A mother and her autistic son were caused severe distress after they were placed in temporary accommodation below a neighbour who had previous warnings for anti-social behaviour, the Local Government and Social Care Ombudsman has found.
The Ombudsman’s investigation found they were placed in the unsuitable accommodation by Brighton and Hove Council after it told them they would not be provided with another flat if they refused.
The investigation found the council at fault for placing the family in the accommodation, despite a weight of evidence provided by professionals that the son’s severe autism meant he was particularly sound sensitive, with loud noises causing him acute stress and anxiety. The council should have done more to investigate the problems with the flat and find more suitable temporary accommodation.
The Ombudsman also found fault with the council’s delay in reimbursing storage charges and a delay in responding to the mother’s complaints.
Michael King, Local Government and Social Care Ombudsman, said:
“This family were caused significant stress being placed in thoroughly unsuitable accommodation by the council, and at one point they were even split up because of the neighbour’s poor behaviour.
“While I appreciate the strains councils are under to find the right accommodation, particularly in areas of high property prices, they still need to ensure the suitability of the accommodation they are offering.
“I now call on the council to revisit the report and provide the remedy I have recommended to the family.”
The council accepted it owed the mother the main housing duty in 2014, and she was initially placed in self-contained temporary accommodation leased from a private landlord.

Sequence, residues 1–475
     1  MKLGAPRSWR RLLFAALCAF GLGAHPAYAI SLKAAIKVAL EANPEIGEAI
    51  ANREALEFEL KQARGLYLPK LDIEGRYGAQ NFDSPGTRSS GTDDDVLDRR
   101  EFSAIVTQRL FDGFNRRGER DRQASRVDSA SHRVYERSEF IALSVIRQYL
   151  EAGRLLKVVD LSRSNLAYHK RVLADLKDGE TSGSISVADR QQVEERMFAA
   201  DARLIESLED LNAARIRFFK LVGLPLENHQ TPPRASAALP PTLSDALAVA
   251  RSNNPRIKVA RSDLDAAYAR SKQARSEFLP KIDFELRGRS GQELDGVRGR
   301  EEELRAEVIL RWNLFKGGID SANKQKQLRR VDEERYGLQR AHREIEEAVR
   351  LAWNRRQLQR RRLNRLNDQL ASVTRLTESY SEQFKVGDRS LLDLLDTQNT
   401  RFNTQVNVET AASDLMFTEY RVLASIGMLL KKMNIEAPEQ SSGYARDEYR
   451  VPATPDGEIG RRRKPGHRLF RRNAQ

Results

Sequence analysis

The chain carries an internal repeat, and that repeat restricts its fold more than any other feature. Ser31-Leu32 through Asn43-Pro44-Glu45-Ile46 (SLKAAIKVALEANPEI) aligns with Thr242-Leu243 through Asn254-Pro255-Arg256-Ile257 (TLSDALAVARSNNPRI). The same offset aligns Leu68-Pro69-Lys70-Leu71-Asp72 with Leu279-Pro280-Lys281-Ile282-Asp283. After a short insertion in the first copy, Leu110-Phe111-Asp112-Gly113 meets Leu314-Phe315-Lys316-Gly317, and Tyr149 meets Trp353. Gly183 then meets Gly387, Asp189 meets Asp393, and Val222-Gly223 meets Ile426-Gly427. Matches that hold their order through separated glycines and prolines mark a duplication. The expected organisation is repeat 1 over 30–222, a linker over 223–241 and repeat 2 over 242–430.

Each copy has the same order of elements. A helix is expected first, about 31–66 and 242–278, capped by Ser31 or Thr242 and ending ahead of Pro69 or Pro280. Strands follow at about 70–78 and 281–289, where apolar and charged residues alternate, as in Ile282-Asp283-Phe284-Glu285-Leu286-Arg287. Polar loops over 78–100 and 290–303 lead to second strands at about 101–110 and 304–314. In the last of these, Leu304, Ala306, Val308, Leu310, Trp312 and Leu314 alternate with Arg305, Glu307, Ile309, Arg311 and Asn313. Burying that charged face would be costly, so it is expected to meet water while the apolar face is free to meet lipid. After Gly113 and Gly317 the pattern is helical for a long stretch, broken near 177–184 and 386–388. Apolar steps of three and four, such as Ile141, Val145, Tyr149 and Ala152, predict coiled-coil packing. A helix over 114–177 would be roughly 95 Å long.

When the lease expired, the council placed her in a downstairs flat in another council’s area. At the first viewing the mother knew it would not be suitable – as she heard a lot of noise from the flat above. However, the council proceeded with the offer and told her the only alternative would be bed and breakfast accommodation.
After an advisor contacted the council on the mother’s behalf, the council carried out a suitability assessment and decided the property was not suitable. The mother said the tenant in the flat above swore frequently and made a lot of noise. The flat also did not have enough room for the son’s sensory equipment.
While the family was waiting to move from the flat, the mother reported noise nuisances and in one instance her neighbour threatened to stab her and kill her son.
A housing officer contacted a neighbouring authority, who said there had been a nine-year history of anti-social behaviour with the neighbour, and that it had issued three Anti-Social Behaviour Orders against her. However, these enquiries were not made until almost two months after the family moved into the unsuitable accommodation.
The family finally moved into more suitable accommodation two months after moving into the flat.
The Local Government and Social Care Ombudsman’s role is to remedy injustice and share learning from investigations to help improve public, and adult social care, services.
In this case, the council has been told to apologise to the mother and pay her £750 to recognise the injustice caused to her and her son for leaving them in unsuitable accommodation.
It should also pay them £100 for the six month delay in reimbursing storage charges and a further £150 for the time and trouble caused by its delay and poor handling of the complaint.
Article date: 18 July 2018